Sam’s Saloon, 1640 E. Prospect St.
Tuesday, April 8, 9 p.m., $5, 21+
If Van Halen had a few more brothers who excelled in the brass section of their high school band, they might have sounded something like Claws of Paradise. Claws’ song “Avenue X,” for instance, opens with a pleasantly grooving guitar line reminiscent of Halen’s “Unchained,” except right about where you expect the song to crank into the first verse, a subdued blast of trumpet and saxophones falls into the mix.
“We all [got together] at NYU,” said Connecticut native and tenor saxophonist Matt Kelly. “At first, we just experimented, got better at our instruments, and then we started writing songs. Because of the horns, people assumed that we would play jazz, but we wanted to play rock.”
But if rock was essentially their full-blooded genre of choice, why include horns at all? Kelly, who has played the sax since the fourth grade but quit the high school band when the marching aspect became too much, elaborated. “When I was in middle school, I deviated onto the guitar and started playing Metallica songs. But I discovered I was much better on the sax.”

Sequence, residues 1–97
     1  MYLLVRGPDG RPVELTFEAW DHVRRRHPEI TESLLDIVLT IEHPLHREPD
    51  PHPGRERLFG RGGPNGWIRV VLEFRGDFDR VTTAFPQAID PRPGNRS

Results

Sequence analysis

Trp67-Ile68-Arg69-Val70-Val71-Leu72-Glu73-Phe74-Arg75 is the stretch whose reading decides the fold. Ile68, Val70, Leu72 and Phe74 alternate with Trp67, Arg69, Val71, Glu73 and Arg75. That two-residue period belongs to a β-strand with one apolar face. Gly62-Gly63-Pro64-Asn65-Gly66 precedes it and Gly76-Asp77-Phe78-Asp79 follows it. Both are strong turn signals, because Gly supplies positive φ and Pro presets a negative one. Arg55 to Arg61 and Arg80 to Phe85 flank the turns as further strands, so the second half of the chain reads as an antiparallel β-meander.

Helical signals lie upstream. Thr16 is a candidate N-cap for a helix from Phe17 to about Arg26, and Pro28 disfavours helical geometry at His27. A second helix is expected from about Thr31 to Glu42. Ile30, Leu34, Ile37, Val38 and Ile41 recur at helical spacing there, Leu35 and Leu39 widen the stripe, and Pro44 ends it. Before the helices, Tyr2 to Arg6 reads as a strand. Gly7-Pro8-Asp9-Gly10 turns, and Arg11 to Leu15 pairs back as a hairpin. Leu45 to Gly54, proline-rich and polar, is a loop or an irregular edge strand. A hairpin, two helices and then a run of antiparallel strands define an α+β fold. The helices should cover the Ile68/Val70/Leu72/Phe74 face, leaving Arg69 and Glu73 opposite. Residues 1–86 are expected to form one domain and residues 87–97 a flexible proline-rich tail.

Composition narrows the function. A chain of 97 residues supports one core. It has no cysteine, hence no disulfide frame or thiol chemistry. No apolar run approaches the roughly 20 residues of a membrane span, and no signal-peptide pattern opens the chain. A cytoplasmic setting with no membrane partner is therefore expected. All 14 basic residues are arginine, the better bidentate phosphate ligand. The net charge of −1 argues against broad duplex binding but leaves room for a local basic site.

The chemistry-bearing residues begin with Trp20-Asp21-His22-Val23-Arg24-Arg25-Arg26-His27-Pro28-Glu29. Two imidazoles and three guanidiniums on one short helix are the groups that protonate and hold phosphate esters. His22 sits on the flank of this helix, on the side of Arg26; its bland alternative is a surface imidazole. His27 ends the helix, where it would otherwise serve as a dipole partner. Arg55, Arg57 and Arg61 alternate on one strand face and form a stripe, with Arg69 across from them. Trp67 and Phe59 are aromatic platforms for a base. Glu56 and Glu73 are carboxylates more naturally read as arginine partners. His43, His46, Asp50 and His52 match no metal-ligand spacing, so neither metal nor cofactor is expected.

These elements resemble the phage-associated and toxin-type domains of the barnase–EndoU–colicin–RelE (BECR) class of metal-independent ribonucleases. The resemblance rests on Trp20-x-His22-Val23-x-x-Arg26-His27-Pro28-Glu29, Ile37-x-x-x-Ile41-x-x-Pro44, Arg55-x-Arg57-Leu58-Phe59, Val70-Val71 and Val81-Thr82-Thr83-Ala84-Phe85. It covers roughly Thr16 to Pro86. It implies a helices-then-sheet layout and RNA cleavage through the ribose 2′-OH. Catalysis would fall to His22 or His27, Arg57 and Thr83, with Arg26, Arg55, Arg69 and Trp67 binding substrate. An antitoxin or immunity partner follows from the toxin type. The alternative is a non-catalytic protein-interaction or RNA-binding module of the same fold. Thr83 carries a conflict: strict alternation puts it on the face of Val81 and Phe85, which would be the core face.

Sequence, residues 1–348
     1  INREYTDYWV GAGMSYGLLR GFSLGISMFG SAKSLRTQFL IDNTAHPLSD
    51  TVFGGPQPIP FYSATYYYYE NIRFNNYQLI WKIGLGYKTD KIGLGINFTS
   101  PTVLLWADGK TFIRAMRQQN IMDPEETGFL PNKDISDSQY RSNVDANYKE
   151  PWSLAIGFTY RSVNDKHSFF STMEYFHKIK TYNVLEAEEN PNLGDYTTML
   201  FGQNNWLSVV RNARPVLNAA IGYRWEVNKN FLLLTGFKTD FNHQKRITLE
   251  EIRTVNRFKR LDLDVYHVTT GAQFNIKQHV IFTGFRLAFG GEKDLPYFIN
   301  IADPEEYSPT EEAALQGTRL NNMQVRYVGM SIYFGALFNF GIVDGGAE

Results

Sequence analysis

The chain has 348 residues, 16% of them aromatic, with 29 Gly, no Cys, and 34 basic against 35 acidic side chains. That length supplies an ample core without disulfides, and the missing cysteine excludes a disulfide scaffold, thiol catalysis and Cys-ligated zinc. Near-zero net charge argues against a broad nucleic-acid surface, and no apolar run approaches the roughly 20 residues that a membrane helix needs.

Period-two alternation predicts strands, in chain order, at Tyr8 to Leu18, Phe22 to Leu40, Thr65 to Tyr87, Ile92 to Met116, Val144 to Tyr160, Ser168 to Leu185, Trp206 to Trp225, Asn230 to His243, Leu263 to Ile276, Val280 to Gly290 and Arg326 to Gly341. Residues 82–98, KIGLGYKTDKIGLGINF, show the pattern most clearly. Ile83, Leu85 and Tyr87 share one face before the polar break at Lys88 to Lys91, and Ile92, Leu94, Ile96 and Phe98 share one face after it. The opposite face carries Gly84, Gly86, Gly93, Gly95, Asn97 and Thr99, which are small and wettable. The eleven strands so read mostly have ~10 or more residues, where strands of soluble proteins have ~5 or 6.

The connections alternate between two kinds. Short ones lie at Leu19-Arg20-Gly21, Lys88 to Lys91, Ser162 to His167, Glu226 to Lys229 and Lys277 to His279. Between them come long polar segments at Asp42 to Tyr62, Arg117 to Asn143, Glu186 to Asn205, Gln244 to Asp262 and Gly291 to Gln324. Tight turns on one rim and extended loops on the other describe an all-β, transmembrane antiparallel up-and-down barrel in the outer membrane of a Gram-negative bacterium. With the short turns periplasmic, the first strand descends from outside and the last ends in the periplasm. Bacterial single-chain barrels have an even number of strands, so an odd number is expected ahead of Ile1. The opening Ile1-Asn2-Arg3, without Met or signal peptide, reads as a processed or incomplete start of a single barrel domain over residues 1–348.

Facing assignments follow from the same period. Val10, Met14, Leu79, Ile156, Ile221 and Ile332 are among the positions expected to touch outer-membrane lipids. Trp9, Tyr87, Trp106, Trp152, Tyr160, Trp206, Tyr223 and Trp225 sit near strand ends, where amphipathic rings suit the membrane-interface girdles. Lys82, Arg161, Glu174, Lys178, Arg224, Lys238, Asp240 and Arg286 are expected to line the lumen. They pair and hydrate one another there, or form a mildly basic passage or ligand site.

Their self-titled debut is an amazingly competent and enjoyable amalgamation of modern jazz, classic rock and 1980s metal. The band can leap from Sabbath-era Ozzy to a slow, Morrison-like trance, to pounding, speed metal riffs. All the while, the horns enhance the mood, whether suggesting a lively concert hall vibe or a sultry, smoky nightclub.
“We try not to be too overbearing with the horns,” Kelly said. “We want it to be tasteful, not the centerpiece.”
Indeed, the horn section created an image problem for the band early on, especially when they went by the moniker Country Club and the Porn Horns.
“People either thought it was the greatest name ever or laughed in a way that suggested they didn’t take us seriously,” Kelly said.